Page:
“You could hear the gunshots,” she said, mentioning the students who would never return to class.

“It could have been me,” she added.

Strom said when she heard about the Parkland shooting on the news, it upset her because the endless cycle of mass shootings is so “disheartening.”

“I cried a lot in the library and the following day,” she said.

Principal Brady Downey said when he was approached about the walkout, the student leaders wanted to work with the school and not against the school.

He said he is proud of the students for Wednesday’s well-organized walkout that showed they can be active citizens supporting school safety while not focusing on guns.

“Their message was simple but impactful — it was about the safety of the school,” the principal noted. “I’m proud that they can navigate the adult world in a positive manner about students being safe in school.”

Following the Feb. 14 massacre at the Florida school, a staff meeting was held the next morning, Downey recalled, saying, “We wanted a consistent message in the classroom. The message was: ‘Let’s be safe in school.'”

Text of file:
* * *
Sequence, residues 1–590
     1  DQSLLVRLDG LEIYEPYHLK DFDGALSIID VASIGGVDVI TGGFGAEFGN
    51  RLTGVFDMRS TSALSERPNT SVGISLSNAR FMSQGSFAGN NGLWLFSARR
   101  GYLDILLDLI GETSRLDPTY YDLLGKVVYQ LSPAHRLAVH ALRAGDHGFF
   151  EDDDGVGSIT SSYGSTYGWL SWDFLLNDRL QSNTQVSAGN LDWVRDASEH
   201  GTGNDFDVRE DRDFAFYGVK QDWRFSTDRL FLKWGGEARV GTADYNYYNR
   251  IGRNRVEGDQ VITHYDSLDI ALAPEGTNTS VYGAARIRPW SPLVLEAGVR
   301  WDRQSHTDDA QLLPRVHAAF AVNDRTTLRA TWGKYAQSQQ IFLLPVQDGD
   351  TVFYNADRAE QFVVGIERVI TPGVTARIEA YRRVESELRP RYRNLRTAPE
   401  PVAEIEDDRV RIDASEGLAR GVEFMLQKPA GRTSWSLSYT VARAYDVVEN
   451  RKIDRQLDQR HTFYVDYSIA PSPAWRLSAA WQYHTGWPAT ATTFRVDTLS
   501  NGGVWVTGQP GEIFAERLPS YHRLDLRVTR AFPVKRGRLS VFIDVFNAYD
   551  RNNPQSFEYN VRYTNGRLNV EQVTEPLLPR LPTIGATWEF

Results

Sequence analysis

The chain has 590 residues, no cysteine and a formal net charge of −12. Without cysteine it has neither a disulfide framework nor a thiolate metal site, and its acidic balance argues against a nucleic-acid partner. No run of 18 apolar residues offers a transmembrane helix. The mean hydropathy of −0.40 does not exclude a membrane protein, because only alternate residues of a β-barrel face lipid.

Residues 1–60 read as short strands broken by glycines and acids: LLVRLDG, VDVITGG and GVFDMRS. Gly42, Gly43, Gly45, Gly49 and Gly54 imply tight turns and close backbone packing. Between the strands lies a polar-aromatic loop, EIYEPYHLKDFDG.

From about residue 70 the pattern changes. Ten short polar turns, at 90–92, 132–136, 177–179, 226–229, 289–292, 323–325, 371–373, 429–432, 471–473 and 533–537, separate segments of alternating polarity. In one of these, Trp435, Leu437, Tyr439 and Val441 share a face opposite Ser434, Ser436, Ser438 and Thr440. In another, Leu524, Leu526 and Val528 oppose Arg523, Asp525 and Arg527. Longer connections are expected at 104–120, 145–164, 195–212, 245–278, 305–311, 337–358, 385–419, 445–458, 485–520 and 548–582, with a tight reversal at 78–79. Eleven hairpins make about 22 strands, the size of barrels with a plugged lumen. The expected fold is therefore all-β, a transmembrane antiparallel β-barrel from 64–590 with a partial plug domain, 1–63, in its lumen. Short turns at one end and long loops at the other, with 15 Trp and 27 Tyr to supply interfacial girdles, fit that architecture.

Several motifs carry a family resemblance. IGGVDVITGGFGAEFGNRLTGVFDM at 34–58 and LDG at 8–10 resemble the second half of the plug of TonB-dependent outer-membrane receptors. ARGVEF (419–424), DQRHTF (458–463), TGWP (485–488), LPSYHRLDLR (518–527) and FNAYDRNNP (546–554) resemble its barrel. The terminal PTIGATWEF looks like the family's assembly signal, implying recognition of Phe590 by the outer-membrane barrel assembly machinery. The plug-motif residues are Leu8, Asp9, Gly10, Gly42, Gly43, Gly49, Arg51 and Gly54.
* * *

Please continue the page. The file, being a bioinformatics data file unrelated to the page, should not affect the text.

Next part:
After the Florida shooting, the high schoolers had a lot of questions regarding their own safety in school and voiced a lot of “what if” concerns, the principal said, noting a “refresher lockdown” was conducted to ensure students they’re safe in school.

“I’m proud of the process. I’m proud of the ability of the staff to work with students in becoming active citizens. They have a right to all want to be safe in school,” Downey added.

The walkout conducted Wednesday at Escanaba Senior High School and Escanaba Junior High School was coordinated in large part by sophomore Laura Sliva.

“I was the one who e-mailed (Principal) Mrs. Griebel and asked her if she would be okay with this and if the school system would be okay with this,” Sliva said, adding she was pleased with the large participation in Wednesday’s walkout.

“I am actually … very happy with the amount of students we had come out and stand up for this issue,” she said.

Like Gladstone High School’s walkout, Escanaba students also observed 17 minutes of silence. Afterwards, students spoke about the impact that mass shootings have had on America, as well as the importance of people standing up for their beliefs.

Seventh-grader Christian Frizzell said the walkout was an emotional event for many students.

“I felt like a lot of people were touched by (this),” he said.

Junior Abigail Master said the support offered at her school has helped her cope with recent mass shootings occurring throughout the nation.

“It’s an alarming thing because they keep getting closer, but the emotional support that’s here is amazing,” said Master.

According to Sliva, Wednesday’s walkout will not be the last effort against gun violence in America.

“This isn’t the end of our 17 minutes — it’s just the beginning of change,” she said.